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Title: Recombinant DNA technology for genetically modifying organisms with examples of applications in plan


1
Recombinant DNA technology for genetically
modifying organisms with examples of applications
in plants
2
Why create genetically modified organisms?
  • Availability/accessibility of pharmaceutical
    proteins
  • vaccine antigens
  • human therapeutic proteins
  • Increasing global demand for quality food supply
  • improved production on the same acreage i.e.
    pest resistance...
  • ability to utilize available, marginal land
    i.e. saline soils, drought prone regions
  • Renewable energy resource, environmental
    remediation

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Cheese Please!
  • Rennin can be isolated from stomachs of
    slaughtered calf
  • Or produced in a bacteria as a GMO
  • About 60 of commercial cheese production uses
    GMO rennin

5
Genetically Modified Crops
  • Humans have been manipulating crops since the
    advent of agriculture

6
Commercial - U.S. GM Crops (percentage represents
share of overall crop that is GM)

Soybeans1 91 (2007)
Cotton1 87 (2007)
Canola2 55 (2001)
Papaya2 53 (2000)
Corn1 73 (2007)
1Source USDA, National Agriculture Statistical
Services June 2001 Acreage Report 2Pew
Initiative on Food and Biotechnology Factsheet,
August 2001
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Why Develop Transgenic Plants?
  • Improve value of crop plants
  • increased yield
  • increased environmental resistance
  • desirable ornamental properties
  • Bioreactors for protein/metabolite production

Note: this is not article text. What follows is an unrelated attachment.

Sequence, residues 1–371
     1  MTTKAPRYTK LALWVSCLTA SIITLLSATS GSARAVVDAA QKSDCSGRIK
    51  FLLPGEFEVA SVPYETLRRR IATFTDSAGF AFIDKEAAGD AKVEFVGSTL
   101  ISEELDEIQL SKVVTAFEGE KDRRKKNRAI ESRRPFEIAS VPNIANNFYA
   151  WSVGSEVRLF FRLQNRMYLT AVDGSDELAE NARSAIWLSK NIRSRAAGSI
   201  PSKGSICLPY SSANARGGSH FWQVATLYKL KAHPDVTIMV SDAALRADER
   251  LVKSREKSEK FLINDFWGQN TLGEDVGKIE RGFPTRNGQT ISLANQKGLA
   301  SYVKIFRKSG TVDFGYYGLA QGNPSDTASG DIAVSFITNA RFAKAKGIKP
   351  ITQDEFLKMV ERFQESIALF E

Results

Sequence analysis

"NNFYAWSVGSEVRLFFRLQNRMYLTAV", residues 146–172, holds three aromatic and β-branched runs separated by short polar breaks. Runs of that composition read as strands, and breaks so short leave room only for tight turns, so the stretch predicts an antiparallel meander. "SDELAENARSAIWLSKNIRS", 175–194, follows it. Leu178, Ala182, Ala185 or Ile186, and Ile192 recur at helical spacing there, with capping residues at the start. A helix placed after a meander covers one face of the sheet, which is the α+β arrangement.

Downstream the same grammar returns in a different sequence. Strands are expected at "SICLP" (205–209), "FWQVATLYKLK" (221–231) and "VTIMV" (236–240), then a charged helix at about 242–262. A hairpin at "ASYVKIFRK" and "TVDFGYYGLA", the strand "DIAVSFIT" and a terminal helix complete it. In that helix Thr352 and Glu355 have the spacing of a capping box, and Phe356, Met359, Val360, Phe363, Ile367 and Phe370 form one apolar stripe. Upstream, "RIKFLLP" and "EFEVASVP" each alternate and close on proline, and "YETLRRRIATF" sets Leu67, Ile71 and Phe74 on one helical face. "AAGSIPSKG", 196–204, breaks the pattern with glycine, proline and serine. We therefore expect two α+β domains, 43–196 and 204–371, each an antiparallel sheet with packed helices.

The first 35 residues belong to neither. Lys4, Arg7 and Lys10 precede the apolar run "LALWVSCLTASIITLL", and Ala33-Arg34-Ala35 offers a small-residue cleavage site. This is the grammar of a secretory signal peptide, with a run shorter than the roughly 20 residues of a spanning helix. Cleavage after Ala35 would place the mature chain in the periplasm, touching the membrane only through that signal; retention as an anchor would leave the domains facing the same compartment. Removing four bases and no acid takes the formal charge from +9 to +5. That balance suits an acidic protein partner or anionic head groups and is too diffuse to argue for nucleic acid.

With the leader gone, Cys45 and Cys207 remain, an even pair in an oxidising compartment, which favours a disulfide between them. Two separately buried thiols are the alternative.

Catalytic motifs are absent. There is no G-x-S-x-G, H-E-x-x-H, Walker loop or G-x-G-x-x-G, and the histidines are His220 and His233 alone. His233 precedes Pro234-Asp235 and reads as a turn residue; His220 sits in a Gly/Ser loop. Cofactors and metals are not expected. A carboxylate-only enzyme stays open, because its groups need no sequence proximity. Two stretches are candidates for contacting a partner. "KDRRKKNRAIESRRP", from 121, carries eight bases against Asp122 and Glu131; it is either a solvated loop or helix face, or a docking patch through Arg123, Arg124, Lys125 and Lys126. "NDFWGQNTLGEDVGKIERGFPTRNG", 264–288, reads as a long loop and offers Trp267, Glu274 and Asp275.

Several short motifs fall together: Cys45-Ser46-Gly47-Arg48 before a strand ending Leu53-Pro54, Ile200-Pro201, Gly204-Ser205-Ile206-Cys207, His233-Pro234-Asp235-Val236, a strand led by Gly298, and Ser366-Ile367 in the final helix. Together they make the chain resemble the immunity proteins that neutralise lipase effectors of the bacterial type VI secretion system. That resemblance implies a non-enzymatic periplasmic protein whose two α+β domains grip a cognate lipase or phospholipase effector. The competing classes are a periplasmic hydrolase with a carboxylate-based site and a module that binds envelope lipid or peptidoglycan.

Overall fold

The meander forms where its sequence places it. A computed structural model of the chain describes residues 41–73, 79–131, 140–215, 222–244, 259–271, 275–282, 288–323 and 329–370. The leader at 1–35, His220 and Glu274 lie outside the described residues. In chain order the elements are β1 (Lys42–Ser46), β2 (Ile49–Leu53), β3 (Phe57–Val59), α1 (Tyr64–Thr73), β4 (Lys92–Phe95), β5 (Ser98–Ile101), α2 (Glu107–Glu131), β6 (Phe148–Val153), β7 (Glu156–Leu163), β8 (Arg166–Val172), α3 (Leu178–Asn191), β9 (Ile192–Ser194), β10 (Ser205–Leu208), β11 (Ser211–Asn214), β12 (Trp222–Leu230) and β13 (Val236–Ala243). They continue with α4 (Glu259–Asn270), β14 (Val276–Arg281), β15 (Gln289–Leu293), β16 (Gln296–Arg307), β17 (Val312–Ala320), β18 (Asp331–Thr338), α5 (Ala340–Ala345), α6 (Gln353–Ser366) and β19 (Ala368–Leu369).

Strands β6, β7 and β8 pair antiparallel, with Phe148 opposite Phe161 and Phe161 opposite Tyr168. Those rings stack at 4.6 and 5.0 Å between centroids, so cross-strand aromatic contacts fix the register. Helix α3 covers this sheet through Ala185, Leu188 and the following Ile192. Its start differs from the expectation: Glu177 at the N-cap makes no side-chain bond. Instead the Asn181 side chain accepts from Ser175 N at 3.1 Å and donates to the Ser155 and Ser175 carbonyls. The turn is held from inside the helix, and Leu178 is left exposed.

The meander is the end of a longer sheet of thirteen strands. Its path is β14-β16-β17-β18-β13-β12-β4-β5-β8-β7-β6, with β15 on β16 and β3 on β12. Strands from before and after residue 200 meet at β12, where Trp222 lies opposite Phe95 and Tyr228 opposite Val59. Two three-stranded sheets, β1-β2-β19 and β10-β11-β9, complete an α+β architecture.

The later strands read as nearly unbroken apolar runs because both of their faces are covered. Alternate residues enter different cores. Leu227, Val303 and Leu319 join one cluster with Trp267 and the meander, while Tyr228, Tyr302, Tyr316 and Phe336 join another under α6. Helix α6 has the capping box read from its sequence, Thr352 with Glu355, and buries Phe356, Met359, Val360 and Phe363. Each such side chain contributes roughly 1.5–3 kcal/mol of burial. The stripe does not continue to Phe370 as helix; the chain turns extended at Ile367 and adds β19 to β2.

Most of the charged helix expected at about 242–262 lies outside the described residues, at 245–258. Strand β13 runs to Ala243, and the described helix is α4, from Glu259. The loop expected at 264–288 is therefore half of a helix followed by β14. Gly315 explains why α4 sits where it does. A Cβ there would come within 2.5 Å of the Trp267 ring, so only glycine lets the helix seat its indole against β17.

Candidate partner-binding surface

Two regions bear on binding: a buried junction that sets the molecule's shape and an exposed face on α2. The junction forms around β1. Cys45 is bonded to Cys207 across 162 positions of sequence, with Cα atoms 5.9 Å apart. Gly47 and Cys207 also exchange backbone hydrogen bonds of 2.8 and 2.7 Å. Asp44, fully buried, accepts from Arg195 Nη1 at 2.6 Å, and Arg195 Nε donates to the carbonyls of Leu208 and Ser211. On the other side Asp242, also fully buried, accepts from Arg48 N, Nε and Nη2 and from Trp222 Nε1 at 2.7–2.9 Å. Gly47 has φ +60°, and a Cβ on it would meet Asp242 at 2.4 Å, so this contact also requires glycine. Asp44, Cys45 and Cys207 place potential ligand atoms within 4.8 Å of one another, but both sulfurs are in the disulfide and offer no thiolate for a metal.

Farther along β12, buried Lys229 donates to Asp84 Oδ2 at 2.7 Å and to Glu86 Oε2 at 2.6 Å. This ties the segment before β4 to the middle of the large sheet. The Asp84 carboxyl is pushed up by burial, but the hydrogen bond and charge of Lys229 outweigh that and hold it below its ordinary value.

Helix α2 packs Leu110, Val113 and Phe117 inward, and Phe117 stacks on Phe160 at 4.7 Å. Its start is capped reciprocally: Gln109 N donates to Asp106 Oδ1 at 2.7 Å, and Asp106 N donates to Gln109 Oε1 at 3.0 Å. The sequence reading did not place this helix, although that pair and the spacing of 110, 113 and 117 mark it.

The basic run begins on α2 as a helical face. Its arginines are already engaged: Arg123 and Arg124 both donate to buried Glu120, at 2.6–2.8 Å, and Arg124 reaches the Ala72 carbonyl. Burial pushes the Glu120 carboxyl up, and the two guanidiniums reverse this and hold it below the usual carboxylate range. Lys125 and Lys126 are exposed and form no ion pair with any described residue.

• Basic research

Traditional plant breeding is slow, imprecise,
and restricted Transgenic plant a fertile
plant that carries an introduced gene(s) in its
germ line
9
How do you make a transgenic plant or GMO?
10
Gene Transfer Methods for Plants
Not monocots
? to organelles
Protoplasts
Methods of choice Ti plasmid-mediated gene
transfer Microprojectile bombardment
11
Vectors fundamental features similar for
different systems
  • Essential components of a plasmid
  • Origin of replication
  • eukaryotic replication (orieuk)
  • E. coli replication (oriE)
  • Drug selection markers
  • eukaryotic selectable marker (ESM)
  • prokaryotic selectable marker (Ampr)
  • Restriction enzyme sites
  • MCS multiple cloning site

Shuttle vectors Allow use in both prokaryotes and
eukaryotes Manipulation / propagation in
prokaryote Expression in eukaryote
p promoter t termination and polyadenylation
signals
12
Construct your transgene
13
Ti Plasmid-Derived Vector Systems
Lab-friendly vectors derived from Ti plasmid by
molecular biology
Features right border sequence multiple cloning
site plant selectable marker bacterial
selectable marker E. coli origin of replication
14
T-DNA is the vector
Agrobacterium-mediated transformation
15
Agrobacterium tumefaciens Genetic transformation
of plants
Plant injury Attachment at wound site Wound
response compounds released by plant Induction
of virulence genes On Ti plasmid DNA transfer
(T-DNA) to plant
A. tumefaciens
Crown gall tumor
16
Gene Gun
17
Selection of transformed plants the utility of
the marker gene
18
  • Regeneration of Transformed Plants
  • a difficult process

19
Nuclear Transgenic Plants
20
Herbicide-Resistant Plants
10 global crop loss to weeds 10 billion/year
herbicides Herbicides non-specific
need early application
persist in environment
Herbicide resistance Inhibit herbicide
uptake Overproduce targeted protein Prevent
binding to target protein Metabolic inactivation
of herbicide
21
Roundup Ready soybeans, without and with
Roundup (glyphosate) treatment
Source Monsanto
22
Delayed Flower Senescence
Alternative strategy Increased production of the